Last month, the ACLU said it was joining with lawyers around the country to provide free legal advice to Arab-Americans caught in a new round of questioning by the FBI, announced earlier this year.

"These types of FBI tactics are counterproductive," said Dalia Hashad, the ACLU's Arab, Muslim and South Asian advocate. "They produce fear and resentment, not results.''

"Fear has two sides of the same coin,'' says James Brochin, a lawyer and teacher who has studied periods in U.S. history when authorities curtailed civil liberties. "One is the fear of communists or terrorism. And the other side is the fear of one's neighbor and the fear of the consequences of saying stuff out loud that would sound like you're sympathetic to these threatening elements. So it's both the fear of communism [or terrorism] and the fear of our own government. Those two things both result in a loss of freedom. One is a self-censorship and the other is either enforcement of existing laws or creation of new laws that actually do result in intrusion into our privacy or create situations where loyalty oaths—either metaphoric or actual—are imposed on the general public."

According to Samuel Walker, a professor in the department of criminal justice at the University of Nebraska at Omaha, "There is a general climate of fear and there are specific abuses'' by authorities against civil liberties.

He singles out provisions of the USA-Patriot Act, passed in response to the Sept. 11 attacks, which permit security agencies to access medical or library records without a subpoena or warrant.

But Walker stresses that "the Bush administration has been challenged in every conceivable forum."

In June the court ruled that foreign prisoners of Washington's "war on terrorism" held in Guantanamo Bay, Cuba, have the right to contest their detention in federal court and that U.S. citizens held as ''enemy combatants'' were entitled to due-process rights.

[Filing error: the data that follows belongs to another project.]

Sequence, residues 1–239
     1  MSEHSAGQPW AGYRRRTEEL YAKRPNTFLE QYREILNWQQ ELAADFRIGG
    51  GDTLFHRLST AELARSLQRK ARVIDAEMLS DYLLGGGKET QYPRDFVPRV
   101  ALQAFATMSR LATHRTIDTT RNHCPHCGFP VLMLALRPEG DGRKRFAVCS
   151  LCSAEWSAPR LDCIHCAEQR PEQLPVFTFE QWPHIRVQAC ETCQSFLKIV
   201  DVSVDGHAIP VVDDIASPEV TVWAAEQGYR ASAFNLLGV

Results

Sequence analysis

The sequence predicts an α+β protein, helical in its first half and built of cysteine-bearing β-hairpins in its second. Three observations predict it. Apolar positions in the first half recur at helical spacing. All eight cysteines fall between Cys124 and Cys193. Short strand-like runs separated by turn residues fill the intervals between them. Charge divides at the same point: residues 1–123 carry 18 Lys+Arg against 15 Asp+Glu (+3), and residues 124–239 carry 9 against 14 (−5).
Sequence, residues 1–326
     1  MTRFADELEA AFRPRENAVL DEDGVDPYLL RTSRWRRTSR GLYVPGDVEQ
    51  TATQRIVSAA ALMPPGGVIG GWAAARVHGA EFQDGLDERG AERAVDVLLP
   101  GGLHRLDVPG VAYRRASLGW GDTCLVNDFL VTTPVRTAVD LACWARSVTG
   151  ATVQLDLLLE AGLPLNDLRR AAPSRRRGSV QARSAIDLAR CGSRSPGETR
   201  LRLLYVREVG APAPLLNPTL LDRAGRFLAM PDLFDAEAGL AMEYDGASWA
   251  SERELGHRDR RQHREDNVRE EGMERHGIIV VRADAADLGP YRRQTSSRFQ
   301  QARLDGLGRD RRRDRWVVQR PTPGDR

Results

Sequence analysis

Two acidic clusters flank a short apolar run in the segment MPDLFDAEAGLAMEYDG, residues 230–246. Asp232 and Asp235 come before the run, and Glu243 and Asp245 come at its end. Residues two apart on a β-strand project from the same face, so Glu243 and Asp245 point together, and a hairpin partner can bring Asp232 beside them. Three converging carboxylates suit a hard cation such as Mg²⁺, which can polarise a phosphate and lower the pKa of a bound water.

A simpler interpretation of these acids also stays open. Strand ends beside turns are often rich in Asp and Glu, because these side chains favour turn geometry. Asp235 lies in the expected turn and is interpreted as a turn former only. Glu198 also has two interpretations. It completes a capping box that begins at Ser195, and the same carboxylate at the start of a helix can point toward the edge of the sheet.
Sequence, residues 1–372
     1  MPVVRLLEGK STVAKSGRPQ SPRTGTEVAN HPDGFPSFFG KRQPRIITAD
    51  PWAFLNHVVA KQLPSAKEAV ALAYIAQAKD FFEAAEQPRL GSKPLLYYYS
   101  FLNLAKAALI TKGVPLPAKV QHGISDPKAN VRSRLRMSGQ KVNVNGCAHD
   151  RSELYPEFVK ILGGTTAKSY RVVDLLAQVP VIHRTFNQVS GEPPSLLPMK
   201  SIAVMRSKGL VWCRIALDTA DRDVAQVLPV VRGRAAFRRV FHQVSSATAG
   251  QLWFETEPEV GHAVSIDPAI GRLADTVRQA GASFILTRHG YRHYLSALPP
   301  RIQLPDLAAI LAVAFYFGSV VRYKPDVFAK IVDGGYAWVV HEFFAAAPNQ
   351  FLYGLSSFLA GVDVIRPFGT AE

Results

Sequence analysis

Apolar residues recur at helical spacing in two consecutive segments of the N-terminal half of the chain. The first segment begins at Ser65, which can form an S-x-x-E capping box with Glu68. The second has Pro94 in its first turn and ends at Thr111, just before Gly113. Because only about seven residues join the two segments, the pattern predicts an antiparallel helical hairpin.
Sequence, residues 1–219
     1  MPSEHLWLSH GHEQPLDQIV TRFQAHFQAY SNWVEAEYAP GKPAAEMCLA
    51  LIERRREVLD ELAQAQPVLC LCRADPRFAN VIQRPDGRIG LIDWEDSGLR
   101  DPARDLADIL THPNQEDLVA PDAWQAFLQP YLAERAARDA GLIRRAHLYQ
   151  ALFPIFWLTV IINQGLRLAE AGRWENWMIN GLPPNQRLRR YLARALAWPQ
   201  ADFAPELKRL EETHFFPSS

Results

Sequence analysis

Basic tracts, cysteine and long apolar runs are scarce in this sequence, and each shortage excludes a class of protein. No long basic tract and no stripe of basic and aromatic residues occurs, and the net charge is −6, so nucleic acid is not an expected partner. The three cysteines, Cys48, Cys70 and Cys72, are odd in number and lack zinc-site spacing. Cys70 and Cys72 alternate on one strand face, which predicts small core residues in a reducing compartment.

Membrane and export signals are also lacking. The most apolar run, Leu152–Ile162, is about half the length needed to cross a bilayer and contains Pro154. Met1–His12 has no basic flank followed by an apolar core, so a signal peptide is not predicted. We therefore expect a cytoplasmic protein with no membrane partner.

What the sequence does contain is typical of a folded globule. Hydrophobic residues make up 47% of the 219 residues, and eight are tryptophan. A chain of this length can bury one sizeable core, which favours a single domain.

The ACLU launched another challenge, arguing the administration should not be able to use secret evidence to defend against a suit from a number of groups opposing the Patriot Act's power to access private records or to use "national security letters'' to obtain personal information from Internet service providers and other businesses.

Emily Whitfield of the ACLU says the public is joining her group's fight against the administration. While the number of new members in the group increased by fewer than 1,000 people from 1999 to 2000, it soared by more than 14,000 from 2000 to 2001, by more than 19,000 the following year and by more than 52,000 from 2002 to 2003.

Yet a poll by the Council on Foreign Relations found that almost twice as many U.S. citizens were concerned the government had not done enough to guarantee their safety than were worried about restrictions on civil liberties.


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From the September 1-7, 2004 issue of Metro, Silicon Valley's Weekly Newspaper.